Let \(e_{1},e_{2},\ldots, e_{n}\) be the standard basis of \(\mathbb{R}^{n}\) with the relation \(e_{i}e_{j}+e_{j}e_{i}=-2\delta_{ij}\). For \(l=0,1,\ldots,n\), we denote by \(C\ell_{n}^{k}=C\ell_{n}^{k}(\mathbb{R}^{n})\) the linear space of all k-vectors, spanned by the reduced products \(e_{I}=e_{i_{1}}e_{i_{2}}\cdots e_{i_{k}}\), corresponding to all ordered k-tuples \(I=(i_{1},i_{2},\ldots,i_{k})\), \(1\leq i_{1}< i_{2}<\cdots<i_{k}\leq n\). Thus, Clifford algebra \(C\ell_{n}=\oplus C\ell_{n}^{k}\) is a graded algebra and \(C\ell_{n}^{0}=\mathbb{R}\) and \(C\ell_{n}^{1}=\mathbb{R}^{n}\). \(\mathbb{R}\subset\mathbb{C}\subset\mathbb{H}\subset C\ell_{n}^{3}\subset \cdots\) is an increasing chain. For \(u\in C\ell_{n}\), u can be written as
$$ u=\sum_{I}u_{I}e_{I}= \sum _{1\leq i_{1}< \cdots< i_{k}\leq n}u_{i_{1},\ldots,i_{k}}e_{i_{1}}\cdots e_{i_{k}}, $$
where \(1\leq k\leq n\).
The norm of \(u\in C\ell_{n}\) is given by \(|u|=(\sum_{I} u_{I}^{2})^{1/2}\). Clifford conjugation \(\overline{e_{\alpha_{1}}\cdots e_{\alpha_{k}}}=(-1)^{k} e_{\alpha_{k}}\cdots e_{\alpha_{1}}\). For each \(I=(i_{1},i_{2},\ldots,i_{k})\), we have
$$\begin{aligned} e_{I}\overline{e_{I}}=\overline{e_{I}}e_{I}=1. \end{aligned}$$
(5)
For \(u=\sum_{I} u_{I} e_{I}\in C\ell_{n}\), \(v=\sum_{J} v_{J} e_{J}\in C\ell_{n}\),
$$\langle u,v\rangle=\biggl\langle \sum_{I} u_{I} e_{I}, \sum_{J} v_{J} e_{J}\biggr\rangle =\sum_{I} u_{I} v_{I} $$
defines the corresponding inner product on \(C\ell_{n}\). For \(u\in C\ell_{n}\), \(\operatorname{Sc}(u)\) denotes the scalar part of u, that is, the coefficient of the element u. Also we have \(\langle u, v\rangle=\operatorname{Sc}(\overline{u}v)\).
The Dirac operator is given by
$$D=\sum_{j=1}^{n} e_{j} \frac{\partial}{\partial x_{j}}. $$
u is called a monogenic function if \(Du=0\). Also \(D^{2}=-\triangle\), where is the Laplace operator which operates only on coefficients.

Throughout the paper, Ω is a bounded domain. \(C_{0}^{\infty}(\Omega, C\ell_{n})\) is the space of Clifford-valued functions in Ω whose coefficients belong to \(C^{\infty}_{0}(\Omega)\). For \(s>0\), denote by \(L^{s}(\Omega, C\ell_{n})\) the space of Clifford-valued functions in Ω whose coefficients belong to the usual \(L^{s}(\Omega)\) space. Denoted by \(\nabla u=(\frac{\partial u}{\partial x_{1}},\frac{\partial u}{\partial x_{2}},\ldots,\frac{\partial u}{\partial x_{n}})\), then \(W^{1,s}(\Omega, C\ell_{n})\) is the space of Clifford-valued functions in Ω whose coefficients as well as their first distributional derivatives are in \(L^{s}(\Omega)\). We similarly write \(W^{1, s}_{\mathrm{loc}}(\Omega, C\ell)\) and \(W^{1, s}_{0}(\Omega, C\ell_{n})\).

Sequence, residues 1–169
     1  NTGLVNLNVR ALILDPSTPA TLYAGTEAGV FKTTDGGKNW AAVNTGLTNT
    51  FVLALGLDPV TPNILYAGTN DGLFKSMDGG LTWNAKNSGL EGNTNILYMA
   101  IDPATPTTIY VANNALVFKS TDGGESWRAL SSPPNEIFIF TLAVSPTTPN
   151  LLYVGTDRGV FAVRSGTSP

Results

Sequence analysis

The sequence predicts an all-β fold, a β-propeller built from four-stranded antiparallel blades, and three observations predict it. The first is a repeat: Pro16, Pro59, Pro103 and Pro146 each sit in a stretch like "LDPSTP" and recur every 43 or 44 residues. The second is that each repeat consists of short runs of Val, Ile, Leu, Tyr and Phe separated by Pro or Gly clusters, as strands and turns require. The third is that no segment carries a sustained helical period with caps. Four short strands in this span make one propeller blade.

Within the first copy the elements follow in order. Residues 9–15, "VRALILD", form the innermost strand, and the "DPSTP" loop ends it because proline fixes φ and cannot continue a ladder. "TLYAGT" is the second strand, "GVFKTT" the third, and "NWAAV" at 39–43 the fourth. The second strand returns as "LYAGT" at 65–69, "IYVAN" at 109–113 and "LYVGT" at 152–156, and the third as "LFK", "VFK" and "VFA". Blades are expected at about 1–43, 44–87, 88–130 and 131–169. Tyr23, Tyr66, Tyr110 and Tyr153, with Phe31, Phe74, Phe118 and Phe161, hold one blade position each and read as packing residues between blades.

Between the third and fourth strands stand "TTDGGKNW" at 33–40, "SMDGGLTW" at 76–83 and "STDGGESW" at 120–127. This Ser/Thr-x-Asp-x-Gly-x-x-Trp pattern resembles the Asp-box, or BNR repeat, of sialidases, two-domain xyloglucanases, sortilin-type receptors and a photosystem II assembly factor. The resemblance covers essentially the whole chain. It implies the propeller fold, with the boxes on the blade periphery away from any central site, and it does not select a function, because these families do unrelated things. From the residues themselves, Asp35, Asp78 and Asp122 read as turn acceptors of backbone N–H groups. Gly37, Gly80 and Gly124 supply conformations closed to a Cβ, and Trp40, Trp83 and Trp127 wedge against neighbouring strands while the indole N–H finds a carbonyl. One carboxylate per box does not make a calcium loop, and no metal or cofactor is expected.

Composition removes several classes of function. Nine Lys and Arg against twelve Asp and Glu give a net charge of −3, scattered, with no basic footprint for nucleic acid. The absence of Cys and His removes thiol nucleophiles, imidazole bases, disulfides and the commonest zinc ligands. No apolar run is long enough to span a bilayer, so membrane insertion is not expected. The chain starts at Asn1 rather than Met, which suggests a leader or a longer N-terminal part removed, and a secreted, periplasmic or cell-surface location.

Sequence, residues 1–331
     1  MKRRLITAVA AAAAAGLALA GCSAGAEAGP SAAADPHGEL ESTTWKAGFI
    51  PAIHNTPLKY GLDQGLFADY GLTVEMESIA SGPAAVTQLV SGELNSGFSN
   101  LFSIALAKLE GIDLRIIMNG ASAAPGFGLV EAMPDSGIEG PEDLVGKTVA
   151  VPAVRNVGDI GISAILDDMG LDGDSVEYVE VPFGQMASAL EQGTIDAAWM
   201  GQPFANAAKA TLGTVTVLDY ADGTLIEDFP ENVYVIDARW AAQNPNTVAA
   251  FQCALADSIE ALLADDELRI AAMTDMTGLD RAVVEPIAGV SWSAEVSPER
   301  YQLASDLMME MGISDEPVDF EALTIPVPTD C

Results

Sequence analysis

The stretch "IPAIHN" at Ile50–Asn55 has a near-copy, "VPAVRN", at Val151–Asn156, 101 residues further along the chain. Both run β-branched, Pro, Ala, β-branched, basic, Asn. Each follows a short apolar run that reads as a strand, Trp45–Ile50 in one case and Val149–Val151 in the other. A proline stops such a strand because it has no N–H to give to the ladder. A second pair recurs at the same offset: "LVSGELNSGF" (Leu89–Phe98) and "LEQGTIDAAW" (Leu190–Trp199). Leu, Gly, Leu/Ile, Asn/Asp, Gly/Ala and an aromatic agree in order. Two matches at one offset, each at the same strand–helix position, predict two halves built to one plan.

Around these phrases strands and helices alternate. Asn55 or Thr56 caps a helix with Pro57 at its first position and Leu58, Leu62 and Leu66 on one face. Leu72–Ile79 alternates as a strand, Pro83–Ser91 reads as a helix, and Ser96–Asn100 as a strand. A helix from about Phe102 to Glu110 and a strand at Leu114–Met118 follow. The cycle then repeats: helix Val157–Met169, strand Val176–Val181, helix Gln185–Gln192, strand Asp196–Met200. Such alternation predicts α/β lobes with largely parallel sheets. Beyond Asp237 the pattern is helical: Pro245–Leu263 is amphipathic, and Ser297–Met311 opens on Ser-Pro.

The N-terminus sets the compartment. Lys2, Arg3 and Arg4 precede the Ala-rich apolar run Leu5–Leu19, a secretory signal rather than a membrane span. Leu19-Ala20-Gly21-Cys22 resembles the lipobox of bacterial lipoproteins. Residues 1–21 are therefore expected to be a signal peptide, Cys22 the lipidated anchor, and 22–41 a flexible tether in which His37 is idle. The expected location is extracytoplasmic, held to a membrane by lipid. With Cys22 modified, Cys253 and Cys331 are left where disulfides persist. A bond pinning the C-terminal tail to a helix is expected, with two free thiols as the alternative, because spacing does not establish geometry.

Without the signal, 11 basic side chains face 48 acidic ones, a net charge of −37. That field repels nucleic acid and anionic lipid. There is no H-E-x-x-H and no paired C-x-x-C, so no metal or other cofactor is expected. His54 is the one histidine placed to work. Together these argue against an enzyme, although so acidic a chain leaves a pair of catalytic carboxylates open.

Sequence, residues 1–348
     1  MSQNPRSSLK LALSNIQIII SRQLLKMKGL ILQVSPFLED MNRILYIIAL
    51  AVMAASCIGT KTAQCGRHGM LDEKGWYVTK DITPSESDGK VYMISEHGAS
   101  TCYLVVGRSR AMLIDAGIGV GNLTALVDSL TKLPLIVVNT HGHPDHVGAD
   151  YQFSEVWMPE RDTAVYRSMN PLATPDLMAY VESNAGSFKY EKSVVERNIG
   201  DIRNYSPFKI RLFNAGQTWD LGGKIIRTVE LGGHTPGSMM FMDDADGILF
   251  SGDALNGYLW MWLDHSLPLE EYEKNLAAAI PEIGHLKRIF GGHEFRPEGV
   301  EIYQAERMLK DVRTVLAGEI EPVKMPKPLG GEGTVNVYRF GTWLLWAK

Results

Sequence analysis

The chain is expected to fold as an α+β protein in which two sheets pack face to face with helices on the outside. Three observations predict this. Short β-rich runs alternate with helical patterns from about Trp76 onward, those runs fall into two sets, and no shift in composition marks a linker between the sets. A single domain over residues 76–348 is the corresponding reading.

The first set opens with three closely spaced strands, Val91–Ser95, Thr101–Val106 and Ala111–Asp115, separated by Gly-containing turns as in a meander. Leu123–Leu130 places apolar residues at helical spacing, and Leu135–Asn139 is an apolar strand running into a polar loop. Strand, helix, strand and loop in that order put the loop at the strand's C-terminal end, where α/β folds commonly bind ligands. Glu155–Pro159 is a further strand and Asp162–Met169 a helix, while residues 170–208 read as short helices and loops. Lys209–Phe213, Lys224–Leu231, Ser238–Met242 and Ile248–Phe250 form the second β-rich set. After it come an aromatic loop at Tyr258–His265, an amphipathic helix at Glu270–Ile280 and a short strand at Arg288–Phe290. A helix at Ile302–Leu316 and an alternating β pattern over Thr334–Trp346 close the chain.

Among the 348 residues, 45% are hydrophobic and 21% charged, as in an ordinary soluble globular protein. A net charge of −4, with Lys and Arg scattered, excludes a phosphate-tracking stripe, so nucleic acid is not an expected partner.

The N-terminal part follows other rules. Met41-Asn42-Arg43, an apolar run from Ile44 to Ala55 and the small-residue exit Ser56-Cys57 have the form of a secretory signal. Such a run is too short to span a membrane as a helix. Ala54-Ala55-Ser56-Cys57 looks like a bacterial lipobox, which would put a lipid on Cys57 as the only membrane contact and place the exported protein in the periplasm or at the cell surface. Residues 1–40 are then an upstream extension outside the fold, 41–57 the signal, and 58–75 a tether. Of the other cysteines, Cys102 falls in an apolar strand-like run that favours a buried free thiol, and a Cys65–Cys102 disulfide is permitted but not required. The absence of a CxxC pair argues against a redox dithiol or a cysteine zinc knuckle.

Let \(G(x)=\frac{1}{\omega_{n}}\frac{\overline{x}}{|x|^{n}}\), the Teodorescu operator here is given by
$$Tf=\int_{\Omega}G(x-y)f(y) \,\mathrm{d}y. $$
Next, we introduce the Borel-Prompieu result for a Clifford-valued function.

Theorem 2.1

([14])

If Ω is a domain in \(\mathbb{R}^{n}\), then for each \(f\in C^{\infty }_{0}(\Omega, C\ell_{n})\), we have
$$\begin{aligned} f(z)=\int_{\partial\Omega}G(x-z)\,\mathrm{d}\sigma(x)f(x)- \int_{\Omega }G(x-z)Df(x) \,\mathrm{d}x, \end{aligned}$$
(6)
where \(z\in\Omega\).

According to Theorem 2.1, Lian proved the following theorem.

Theorem 2.2

([22]) (Poincaré inequality)

For every \(u\in W^{1,s}_{0}(\Omega, C\ell_{n})\), \(1< s<\infty\), there exists a constant c such that
$$\begin{aligned} \int_{\Omega}|u|^{s} \,\mathrm{d}x \leq c| \Omega|^{\frac{1}{n}}\int_{\Omega }|Du|^{s} \, \mathrm{d}x. \end{aligned}$$
(7)

For \(s>1\), we can find that \(f=TDf\) when \(f\in W_{0}^{1,s}(\Omega, C\ell_{n})\). Also, we have \(f=DTf\) when \(f\in L^{s}(\Omega, C\ell_{n})\), see [27].

Lemma 2.3

([18])

Suppose Clifford-valued function \(u\in C_{0}^{\infty}(\Omega, C\ell_{n})\), \(1< p<\infty\), then there exists a constant c such that
$$\begin{aligned} \int_{\Omega}\bigl|\nabla(Tu)\bigr|^{p} \,\mathrm{d}x\leq c(n,p, \Omega)\int_{\Omega }|u|^{p} \,\mathrm{d}x. \end{aligned}$$